Increased accumulation of drugs in a multidrug resistant cell line by alteration of membrane biophysical properties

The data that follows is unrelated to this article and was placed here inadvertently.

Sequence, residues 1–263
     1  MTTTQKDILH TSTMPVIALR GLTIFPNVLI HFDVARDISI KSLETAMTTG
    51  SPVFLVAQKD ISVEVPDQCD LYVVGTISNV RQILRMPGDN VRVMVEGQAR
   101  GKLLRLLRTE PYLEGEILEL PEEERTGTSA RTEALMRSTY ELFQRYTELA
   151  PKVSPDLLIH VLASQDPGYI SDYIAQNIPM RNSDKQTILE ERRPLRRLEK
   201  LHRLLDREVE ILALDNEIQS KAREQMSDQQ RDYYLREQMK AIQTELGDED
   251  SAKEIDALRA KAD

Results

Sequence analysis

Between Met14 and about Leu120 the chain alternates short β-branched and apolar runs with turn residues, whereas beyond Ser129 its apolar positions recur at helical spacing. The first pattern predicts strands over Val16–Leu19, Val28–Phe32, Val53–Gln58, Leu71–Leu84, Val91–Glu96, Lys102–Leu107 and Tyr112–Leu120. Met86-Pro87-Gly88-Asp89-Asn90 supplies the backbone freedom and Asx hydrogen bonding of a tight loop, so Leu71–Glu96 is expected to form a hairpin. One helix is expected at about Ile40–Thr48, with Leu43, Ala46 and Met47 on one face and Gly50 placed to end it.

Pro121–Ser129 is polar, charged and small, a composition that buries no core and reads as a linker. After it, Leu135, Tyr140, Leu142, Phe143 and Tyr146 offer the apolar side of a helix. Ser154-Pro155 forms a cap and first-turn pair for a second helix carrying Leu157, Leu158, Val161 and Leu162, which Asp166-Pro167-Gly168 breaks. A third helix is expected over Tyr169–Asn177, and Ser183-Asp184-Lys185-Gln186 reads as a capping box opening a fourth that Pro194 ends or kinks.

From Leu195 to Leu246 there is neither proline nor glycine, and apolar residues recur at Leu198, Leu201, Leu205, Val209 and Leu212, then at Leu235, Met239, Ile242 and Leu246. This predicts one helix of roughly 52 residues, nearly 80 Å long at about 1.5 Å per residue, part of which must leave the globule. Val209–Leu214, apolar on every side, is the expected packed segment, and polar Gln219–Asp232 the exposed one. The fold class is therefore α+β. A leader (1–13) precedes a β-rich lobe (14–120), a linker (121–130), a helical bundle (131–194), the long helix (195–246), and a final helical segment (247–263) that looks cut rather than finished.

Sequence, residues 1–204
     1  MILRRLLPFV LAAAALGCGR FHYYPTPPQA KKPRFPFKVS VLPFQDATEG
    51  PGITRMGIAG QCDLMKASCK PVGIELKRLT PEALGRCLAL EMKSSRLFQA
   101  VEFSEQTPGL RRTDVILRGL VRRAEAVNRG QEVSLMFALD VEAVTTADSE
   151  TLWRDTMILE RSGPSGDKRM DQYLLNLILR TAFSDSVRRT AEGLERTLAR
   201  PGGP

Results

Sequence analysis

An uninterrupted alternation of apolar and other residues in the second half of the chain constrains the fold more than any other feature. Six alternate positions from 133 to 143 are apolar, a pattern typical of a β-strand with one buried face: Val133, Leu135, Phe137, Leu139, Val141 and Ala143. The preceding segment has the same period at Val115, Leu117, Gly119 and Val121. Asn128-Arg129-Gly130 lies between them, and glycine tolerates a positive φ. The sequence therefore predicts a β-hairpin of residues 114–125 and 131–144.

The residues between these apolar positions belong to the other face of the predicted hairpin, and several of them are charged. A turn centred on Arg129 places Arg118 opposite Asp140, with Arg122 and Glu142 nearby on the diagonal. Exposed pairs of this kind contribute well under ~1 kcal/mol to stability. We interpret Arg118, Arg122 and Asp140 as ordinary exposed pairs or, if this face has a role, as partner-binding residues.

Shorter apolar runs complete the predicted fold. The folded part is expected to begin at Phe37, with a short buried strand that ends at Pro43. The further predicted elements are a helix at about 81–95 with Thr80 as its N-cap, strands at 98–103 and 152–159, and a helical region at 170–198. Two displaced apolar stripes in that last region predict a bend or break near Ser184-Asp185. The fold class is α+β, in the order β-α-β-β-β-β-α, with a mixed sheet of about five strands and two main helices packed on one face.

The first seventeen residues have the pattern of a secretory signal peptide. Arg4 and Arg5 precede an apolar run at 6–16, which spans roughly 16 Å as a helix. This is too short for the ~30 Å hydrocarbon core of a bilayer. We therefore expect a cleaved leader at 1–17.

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Growth of CHRC5 multidrug resistant cells in media enriched in a saturated C-17 fatty acid, heptadecanoic acid, resulted in these cells accumulating vinblastine at a rate and to an extent comparable to that of the parental cell line AB1. The fatty acid-enriched growth media had no effect on the ability of AB1 cells to take up vinblastine. The action of amphiphiles on the uptake of rhodamine dyes by CHRC5 cells was compared with the increased dye accumulation affected by verapamil. Membrane rigidifying agents, such as the saturated fatty acid stearic acid, or the cholesterol derivatives, cholesteryl hemisuccinate and cholesteryl phosphorylcholine, as well as a membrane fluidizing unsaturated fatty acid, linoleic acid, could significantly increase dye uptake, although not as well as verapamil. These results taken in conjunction with other reports in the literature, demonstrate that multidrug resistance is sensitive to alterations of membrane properties. They suggest that perturbation of the membrane to either increased or to decreased membrane fluidity can lower the level of resistance.
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